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The Trials and Tribulations of Bartholomew Ellett’s Two Marriages

Post by Randi Richardson

On December 8, 1852, Bartholomew “Bartley” Ellett took Mary Ann Stimson (consider Stimpson a spelling variant) for his lawfully wedded wife in Monroe County, Indiana.  Mary Ann was 33 at the time of her marriage, quite a bit older than the average bride.  Soon after the marriage, or even before that time, she became pregnant and gave birth to a baby girl subsequently named Mary Josephine.  According to Mary Josephine’s death record, she was born October 8, 1854; according to a document prepared by an attorney on behalf of Mary Josephine’s father in August 1854, Mary Josephine was born about May 1853.

elletsIn March 1854, when Mary Josephine was ten months old, her mother took off with her from Bartholomew’s household aided by three of Mary Ann’s brothers, Henry, Jr., John and Francis Stimson.  About the first of July, Mary Ann returned Mary Josephine to the care of her father, but on the sixth of August she took her back.  On August 8, 1854, Bartholomew asked the Monroe County court for custody of Mary Josephine and said he was willing to accept Mary Ann back as his wife.

Apparently Mary Ann acquiesced to Bartholomew’s proposal and returned home.  According to the 1860 census record, three more children were subsequently born to Bartholomew and Mary Ann.  Luella came along about 1856, Jane about 1858 and John Henry in March 1859.  Unfortunately, however, the status of the marriage was not one of wedded bliss.

In 1870, Mary Josephine, Luella and Jane were all noted in the home of their paternal grandparents, John and Amelia Ellett, in Bean Blossom Twp., Monroe County, Indiana.  The whereabouts of Bartholomew, Mary Ann and the youngest child, John Henry, are not known.  Census records of 1880, however, suggest Bartholomew had a new love interest, that of Nancy C. (Jackson) Gilland, a woman more than 20 years younger than himself.    Bartholomew fathered two children with Nancy—Edward Ellett in 1877 and Lou Beadie in 1879.  If the couple was legally married, there is no evidence of a marriage record.

In 1880, Mary [Ann] Ellett, age 60 and reportedly single, was enumerated with her widowed sister-in-law, Elizabeth Ellett, in Bean Blossom Township, Monroe County.  Elizabeth was the widow of James Ellett, the brother of Bartholomew.  There is no indication in the Monroe County Divorce Index, that Mary Ann was ever divorced from Bartholomew.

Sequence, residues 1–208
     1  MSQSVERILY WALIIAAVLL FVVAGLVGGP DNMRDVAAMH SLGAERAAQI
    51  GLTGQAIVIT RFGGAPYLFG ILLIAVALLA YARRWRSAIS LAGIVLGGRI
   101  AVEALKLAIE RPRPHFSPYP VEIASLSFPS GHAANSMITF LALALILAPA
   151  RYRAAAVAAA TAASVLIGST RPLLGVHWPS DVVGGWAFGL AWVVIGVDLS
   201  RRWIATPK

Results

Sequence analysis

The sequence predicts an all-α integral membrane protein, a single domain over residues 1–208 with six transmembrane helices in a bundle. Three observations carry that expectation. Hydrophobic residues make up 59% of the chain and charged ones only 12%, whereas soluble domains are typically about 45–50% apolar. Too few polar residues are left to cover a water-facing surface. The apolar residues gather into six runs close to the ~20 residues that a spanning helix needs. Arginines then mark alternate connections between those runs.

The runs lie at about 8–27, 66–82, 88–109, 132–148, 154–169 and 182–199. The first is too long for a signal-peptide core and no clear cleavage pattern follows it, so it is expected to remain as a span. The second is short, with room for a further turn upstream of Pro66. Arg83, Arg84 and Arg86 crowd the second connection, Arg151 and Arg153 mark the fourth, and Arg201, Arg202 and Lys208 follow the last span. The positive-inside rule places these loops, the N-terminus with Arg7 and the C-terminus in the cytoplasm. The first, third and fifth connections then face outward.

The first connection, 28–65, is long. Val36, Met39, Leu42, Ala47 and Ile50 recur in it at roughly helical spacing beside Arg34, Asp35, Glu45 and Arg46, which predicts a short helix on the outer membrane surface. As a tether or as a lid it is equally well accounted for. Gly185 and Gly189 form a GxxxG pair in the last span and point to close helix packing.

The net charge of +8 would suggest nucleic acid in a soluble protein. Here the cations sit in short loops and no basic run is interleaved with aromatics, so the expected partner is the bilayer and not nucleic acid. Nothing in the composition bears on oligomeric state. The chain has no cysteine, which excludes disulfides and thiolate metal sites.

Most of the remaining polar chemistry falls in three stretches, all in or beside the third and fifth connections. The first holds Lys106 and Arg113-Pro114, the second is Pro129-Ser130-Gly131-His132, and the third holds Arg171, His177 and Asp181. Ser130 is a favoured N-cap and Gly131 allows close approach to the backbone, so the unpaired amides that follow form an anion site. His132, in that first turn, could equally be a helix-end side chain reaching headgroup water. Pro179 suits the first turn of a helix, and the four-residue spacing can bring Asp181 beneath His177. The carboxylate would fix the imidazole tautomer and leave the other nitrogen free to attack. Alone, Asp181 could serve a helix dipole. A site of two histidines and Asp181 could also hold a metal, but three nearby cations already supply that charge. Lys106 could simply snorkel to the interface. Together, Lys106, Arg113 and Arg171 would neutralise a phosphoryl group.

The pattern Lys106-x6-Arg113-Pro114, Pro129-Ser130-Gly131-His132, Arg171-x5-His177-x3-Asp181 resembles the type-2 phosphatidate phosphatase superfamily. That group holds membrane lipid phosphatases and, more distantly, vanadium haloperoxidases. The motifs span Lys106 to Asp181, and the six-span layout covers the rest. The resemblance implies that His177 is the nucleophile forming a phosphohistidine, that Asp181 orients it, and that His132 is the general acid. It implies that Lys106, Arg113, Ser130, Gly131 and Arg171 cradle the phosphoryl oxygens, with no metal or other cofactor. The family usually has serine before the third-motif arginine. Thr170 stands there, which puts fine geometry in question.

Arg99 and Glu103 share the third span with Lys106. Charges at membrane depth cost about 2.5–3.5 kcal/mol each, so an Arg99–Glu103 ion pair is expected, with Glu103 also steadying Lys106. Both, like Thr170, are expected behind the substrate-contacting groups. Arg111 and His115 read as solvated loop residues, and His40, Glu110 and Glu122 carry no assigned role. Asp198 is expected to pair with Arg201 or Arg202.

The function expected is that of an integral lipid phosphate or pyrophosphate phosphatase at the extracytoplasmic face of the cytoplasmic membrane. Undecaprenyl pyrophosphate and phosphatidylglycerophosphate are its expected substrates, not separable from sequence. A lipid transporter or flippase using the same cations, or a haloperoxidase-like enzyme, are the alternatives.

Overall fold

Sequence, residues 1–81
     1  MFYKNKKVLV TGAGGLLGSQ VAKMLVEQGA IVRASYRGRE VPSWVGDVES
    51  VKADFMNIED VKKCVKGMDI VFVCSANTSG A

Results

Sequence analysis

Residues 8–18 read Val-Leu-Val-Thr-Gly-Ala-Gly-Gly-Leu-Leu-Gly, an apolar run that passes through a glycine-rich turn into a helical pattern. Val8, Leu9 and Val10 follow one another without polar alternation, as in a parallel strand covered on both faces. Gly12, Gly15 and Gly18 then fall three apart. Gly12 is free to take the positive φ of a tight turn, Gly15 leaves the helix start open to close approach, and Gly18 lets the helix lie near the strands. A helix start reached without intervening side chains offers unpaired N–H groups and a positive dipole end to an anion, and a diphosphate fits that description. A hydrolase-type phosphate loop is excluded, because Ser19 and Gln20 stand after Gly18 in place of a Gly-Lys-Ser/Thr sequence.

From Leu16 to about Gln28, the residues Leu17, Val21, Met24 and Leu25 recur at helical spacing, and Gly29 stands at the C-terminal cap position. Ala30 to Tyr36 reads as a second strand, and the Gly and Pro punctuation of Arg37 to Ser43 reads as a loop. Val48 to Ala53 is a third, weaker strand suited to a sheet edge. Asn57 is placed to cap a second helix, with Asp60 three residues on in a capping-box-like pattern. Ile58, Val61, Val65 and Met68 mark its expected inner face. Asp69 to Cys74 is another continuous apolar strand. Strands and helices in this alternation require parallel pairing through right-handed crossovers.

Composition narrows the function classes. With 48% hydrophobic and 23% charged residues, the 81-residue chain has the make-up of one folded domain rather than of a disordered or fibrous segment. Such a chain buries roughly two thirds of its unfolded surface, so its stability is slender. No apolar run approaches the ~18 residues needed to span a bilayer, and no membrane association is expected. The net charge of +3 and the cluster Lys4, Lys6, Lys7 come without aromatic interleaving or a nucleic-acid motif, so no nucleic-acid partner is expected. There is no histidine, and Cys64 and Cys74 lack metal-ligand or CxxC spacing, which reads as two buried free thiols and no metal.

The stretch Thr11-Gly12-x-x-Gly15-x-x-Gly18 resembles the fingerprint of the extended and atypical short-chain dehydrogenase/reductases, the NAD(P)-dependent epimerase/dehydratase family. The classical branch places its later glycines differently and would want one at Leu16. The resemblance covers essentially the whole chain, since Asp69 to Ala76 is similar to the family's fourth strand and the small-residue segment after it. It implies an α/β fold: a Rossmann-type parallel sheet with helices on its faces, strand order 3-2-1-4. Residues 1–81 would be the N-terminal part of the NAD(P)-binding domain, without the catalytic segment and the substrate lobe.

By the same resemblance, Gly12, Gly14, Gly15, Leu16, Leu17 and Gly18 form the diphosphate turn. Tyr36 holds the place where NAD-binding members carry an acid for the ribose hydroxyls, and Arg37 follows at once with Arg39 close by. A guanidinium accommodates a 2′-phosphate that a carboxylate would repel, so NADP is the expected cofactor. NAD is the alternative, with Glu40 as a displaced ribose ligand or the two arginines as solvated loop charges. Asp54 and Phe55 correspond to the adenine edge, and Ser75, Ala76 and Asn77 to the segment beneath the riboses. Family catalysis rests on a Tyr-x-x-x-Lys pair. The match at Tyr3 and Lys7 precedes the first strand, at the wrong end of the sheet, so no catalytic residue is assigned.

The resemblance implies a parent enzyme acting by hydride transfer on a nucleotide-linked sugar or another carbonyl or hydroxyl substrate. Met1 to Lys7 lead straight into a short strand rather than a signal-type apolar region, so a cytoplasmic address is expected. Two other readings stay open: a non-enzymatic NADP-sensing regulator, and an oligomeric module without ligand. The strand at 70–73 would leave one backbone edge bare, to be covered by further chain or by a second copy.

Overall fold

Mary Ann died on March 29, 1884, at the age of 65.  According to her obituary in the Monroe County Citizen, she professed religion some 30 years earlier but did not belong to any denomination because she was never where she could connect with the Christian Church.  All who knew her were said to love her.  No survivors were noted and burial was in the Ellettsville Presbyterian Cemetery.

Nancy, Bartholomew’s second wife, disappeared sometime between 1880 when they appeared together in the census and 1900 when the enumerator noted that Bartholomew was a widow and head of a household that included his two children by Nancy.   Perhaps Nancy, too, had died, but there is no record of her death among records from the health department or burials.  Neither is there evidence of a divorce or remarriage.

At the age of 81, Bartholomew Ellett died near Ellettsville in March 1911 having been a resident of Richland Township almost 80 years.  According to his obituary, he was a veteran of the Civil War and a widow who had been married twice—first to Mary Ann Stimson and second to Mrs. Nancy Gilliland (sic).  He was survived by six children:  Mary Cornman, Luella Brown, Jane Parker and John Ellett by his first wife; and Beada Holsapple and Edward Ellett by his second wife.  He was buried at the Ellettsville Presbyterian Cemetery where members of his family had been interred earlier and some would be later.

Sources—

  • Bartholomew Ellett Monroe County (IN) Civil Court Record, Box 109, Monroe County History Center, Bloomington, Indiana.
  • Census records
  • Obituaries for Bartholomew and Mary Ann Ellett

 

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